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When Junior Kimbrough died in January 1998, part of the spirit of Mississippi hill-country blues went with him. He was a proud musician, aware of his African roots and his artistic singularity--perhaps the last unique voice in the genre. The sound of his bawling singing and unpredictable, serpentine guitar were as eerie as a warm wind humming through a field of tombstones, as hypnotic as the ancient village drum music it was based on, thanks to his complete command of his rhythm sections. This collection serves full notice of Kimbrough's authenticity, from his first recording, an impromptu-sounding "Release Me" played with rockabilly cult figure Charlie Feathers, through his last '90s albums for Fat Possum. It's in the latter cases that Kimbrough paints a colorful portrait of his hardscrabble life just above the Delta. Rape is wrongly equated with love (in the brutal-but-fascinating title track), and sexual prowess ("All Night Long") is the only true coin of manhood. Finally, "Done Got Old" serves as the best epitaph for this blues hell-raiser, whose decades of bootlegging, boozing, and womanizing seemed to catch up with him in his final years. Nonetheless, that song and the 11 others prove that no matter how tired and worn he became, Kimbrough's crackling music never lost its edge or its feeling of danger and menace. --Ted Drozdowski --This text refers to the Audio CD edition.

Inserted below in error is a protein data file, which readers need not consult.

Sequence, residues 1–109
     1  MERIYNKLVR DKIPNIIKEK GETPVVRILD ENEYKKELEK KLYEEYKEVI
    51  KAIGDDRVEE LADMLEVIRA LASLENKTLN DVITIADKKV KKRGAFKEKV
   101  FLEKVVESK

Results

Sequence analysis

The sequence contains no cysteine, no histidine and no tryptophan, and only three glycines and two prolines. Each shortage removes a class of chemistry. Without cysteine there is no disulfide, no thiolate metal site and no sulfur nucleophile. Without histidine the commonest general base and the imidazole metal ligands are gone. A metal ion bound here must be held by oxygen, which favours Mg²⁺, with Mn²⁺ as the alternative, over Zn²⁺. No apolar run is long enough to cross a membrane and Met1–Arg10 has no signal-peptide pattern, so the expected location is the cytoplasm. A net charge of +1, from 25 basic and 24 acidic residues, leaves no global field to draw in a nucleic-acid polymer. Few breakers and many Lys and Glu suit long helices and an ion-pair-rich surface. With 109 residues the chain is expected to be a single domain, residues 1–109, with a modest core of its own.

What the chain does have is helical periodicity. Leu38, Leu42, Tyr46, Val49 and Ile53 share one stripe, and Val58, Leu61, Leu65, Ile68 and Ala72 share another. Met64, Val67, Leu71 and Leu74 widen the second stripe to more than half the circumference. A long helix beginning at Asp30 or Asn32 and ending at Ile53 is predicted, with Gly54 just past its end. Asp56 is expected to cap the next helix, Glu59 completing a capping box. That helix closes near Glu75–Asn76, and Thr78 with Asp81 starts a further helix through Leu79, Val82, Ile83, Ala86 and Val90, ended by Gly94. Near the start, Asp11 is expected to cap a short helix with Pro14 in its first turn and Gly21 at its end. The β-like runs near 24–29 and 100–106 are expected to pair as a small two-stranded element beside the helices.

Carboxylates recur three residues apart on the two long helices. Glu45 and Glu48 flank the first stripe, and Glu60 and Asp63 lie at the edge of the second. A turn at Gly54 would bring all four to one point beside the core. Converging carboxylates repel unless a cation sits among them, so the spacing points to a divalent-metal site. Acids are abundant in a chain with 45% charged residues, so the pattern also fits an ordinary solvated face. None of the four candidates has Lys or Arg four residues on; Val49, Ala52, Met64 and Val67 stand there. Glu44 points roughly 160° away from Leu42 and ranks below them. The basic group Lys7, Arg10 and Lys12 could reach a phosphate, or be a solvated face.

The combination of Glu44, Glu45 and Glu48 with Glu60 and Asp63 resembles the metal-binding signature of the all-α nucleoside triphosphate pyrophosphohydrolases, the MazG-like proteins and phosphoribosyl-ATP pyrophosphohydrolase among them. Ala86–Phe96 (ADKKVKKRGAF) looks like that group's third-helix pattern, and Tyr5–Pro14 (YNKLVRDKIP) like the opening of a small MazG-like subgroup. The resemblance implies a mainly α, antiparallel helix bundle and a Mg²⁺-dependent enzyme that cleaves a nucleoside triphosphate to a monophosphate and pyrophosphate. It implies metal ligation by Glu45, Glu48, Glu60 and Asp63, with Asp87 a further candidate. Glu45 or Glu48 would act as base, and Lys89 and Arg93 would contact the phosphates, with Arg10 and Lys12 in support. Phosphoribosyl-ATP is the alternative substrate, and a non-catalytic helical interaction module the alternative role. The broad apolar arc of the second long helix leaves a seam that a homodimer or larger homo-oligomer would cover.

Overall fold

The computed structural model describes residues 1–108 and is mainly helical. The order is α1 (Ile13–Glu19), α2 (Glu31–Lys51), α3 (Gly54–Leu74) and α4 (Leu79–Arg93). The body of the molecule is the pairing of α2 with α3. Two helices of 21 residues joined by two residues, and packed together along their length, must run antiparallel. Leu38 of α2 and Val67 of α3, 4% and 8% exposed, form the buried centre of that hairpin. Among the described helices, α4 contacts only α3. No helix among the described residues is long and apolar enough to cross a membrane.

Kimbrough tought rockabilly legend Charly Feathers how to play guitar and influenced him. Kimbrough has a unique guitar style and a truly honest blues voice. Read morePublished on July 8 2004 by rocker88
Even though I already had all of Kimbrough's Fat possum discs, I still love this album. It has all his greatest songs which eliminates the process of selecting the songs from all... Read morePublished on July 4 2004 by N. Langston